Nokia 7710 smartphone review & tips 1: overviewFriday, January 20, 2006
This multi-part review covers the Nokia 7710 mobile phone/PDA, which only became available in the UK a few months ago. This post, part 1, gives an overview including features, what you get with the phone, and pros and cons. Future parts will cover tips and hints, accessories, software, support and troubleshooting - effectively I hope a practical FAQ on the 7710, as I haven't found a comprehensive single source yet. Please send any contributions you may have, which will of course be acknowledged.
Note that this review is based on the 4.0.10 firmware - a small upgrade came out in November 2005 but I've not got round to taking it back yet to get it upgraded. Here's what the phone looks like [added 24 Jan as Kirk doesn't believe it's a phone!]:
Specifications and features The 7710 came out in November 2004 so it's quite long in the tooth for a mobile device. I've had it for about 5 months now. I won't repeat all details here, see the official specs. But I'd mention the operating system is Symbian 7.0, series 90 and it has 90 MB of internal memory (about 80 MB free). It's the only Series 90 phone: Nokia aren't bringing out any more, they will instead incorporate some of the series 90 features into some future series 60 phones.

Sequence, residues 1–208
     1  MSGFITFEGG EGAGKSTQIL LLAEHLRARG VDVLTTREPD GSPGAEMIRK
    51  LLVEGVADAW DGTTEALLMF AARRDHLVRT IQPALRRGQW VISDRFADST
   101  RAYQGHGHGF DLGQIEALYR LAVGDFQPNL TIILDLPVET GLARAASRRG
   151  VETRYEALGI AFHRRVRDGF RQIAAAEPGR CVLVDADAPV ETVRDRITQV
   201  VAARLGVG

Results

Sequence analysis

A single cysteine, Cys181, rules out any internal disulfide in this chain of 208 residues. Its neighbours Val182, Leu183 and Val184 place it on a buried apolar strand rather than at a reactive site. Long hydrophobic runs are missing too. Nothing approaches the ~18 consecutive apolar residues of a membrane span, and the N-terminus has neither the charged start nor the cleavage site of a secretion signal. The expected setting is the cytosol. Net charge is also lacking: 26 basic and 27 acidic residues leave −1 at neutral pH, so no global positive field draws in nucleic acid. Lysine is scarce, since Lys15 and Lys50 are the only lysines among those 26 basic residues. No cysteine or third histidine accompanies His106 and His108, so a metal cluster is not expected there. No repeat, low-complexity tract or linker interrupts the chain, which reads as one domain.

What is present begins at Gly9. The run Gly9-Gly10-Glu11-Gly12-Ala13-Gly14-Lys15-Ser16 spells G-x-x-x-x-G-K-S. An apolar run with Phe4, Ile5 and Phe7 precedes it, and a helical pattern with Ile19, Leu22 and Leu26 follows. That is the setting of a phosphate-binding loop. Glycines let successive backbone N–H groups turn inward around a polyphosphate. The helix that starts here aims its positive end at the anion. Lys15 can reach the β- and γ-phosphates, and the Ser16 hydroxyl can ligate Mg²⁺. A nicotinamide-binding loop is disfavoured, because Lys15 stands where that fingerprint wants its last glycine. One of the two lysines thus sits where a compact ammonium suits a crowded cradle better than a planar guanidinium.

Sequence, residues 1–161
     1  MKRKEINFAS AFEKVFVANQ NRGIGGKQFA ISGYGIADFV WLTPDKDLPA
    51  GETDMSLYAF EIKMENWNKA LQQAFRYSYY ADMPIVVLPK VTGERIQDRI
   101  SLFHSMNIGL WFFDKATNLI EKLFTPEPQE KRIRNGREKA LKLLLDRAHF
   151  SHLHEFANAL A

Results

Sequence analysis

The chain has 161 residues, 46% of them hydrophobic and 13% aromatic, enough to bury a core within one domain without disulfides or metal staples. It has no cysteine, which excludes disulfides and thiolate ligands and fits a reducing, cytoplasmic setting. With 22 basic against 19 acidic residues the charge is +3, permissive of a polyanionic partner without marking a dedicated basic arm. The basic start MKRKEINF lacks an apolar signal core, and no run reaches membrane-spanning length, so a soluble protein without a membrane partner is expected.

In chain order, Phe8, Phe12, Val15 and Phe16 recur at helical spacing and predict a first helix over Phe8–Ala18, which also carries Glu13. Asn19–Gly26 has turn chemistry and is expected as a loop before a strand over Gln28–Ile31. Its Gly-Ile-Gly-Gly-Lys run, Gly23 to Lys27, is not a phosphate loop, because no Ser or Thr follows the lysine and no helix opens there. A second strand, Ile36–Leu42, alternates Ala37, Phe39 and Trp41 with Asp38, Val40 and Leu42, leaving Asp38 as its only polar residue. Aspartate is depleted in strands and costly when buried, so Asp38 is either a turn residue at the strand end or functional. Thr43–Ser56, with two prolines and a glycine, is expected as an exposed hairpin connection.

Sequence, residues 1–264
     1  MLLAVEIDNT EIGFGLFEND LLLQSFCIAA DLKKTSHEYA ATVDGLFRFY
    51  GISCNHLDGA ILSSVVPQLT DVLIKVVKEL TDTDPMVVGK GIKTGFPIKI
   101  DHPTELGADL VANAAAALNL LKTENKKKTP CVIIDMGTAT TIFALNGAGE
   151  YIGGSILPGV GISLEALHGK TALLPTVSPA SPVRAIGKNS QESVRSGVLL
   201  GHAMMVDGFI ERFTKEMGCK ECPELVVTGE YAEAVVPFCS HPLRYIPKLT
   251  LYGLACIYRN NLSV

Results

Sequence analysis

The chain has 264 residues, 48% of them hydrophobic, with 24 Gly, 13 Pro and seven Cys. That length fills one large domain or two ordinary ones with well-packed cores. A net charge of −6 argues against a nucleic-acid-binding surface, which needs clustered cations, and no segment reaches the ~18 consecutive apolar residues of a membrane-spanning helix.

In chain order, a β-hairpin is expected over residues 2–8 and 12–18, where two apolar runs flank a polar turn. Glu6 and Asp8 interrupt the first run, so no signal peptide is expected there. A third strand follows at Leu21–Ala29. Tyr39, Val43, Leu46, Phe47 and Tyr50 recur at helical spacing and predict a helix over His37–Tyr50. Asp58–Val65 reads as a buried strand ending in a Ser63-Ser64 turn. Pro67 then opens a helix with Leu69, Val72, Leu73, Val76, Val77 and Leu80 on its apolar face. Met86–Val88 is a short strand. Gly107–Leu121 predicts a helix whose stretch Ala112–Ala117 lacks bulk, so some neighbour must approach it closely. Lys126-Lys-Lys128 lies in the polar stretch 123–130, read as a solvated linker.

It's rich in features: phone (of course) with speakerphone and voice dialling, text/multimedia messaging (SMS/MMS), Net access (GPRS/Edge), proper Web browser (Opera), POP/SMTP/IMAP email, FM radio, MP3 player, video player (Realplayer), voice recorder, 1.3 megapixel camera (with video capability), image viewer, basic graphics editor, drawing, contacts, diary, wordprocessor, spreadsheet, Powerpoint viewer, PDF viewer, ebook reader, calculator, converter, alarm clock, games, Bluetooth, USB, synchronisation with PC, upgradeable firmware, takes MMC card up to 1 GB, ability to use third party software including Java apps and games, GPS (if you buy e.g. a Tom Tom Mobile 5), and (if the service is available and you subscribe) "Visual Radio" and mobile TV capability (trialled in Oxford for O2 users, though still not available to most of us I think; still, check it out). Whew!
There's no keyboard on this "landscape" touchscreen device, just 6 hard keys, 3 on either side of the screen (left: navigation/select, menu, go to Desk (its desktop); right: zoom, switch, cancel/escape). On the side are 3 more keys for call, end/hangup and speakerphone/voice recorder). You can't do without the stylus, really. For input there's an onscreen virtual keyboard and handwriting recognition too.
In the boxYour mileage may vary. My Carphone Warehouse box included:
- 128 MB MMC card with a few preloaded trial/free apps
- charger (any Nokia charger works) and rechargeable battery
- wired headset - one button only, doubles as aerial for radio
- USB/pop port cable for connection to your computer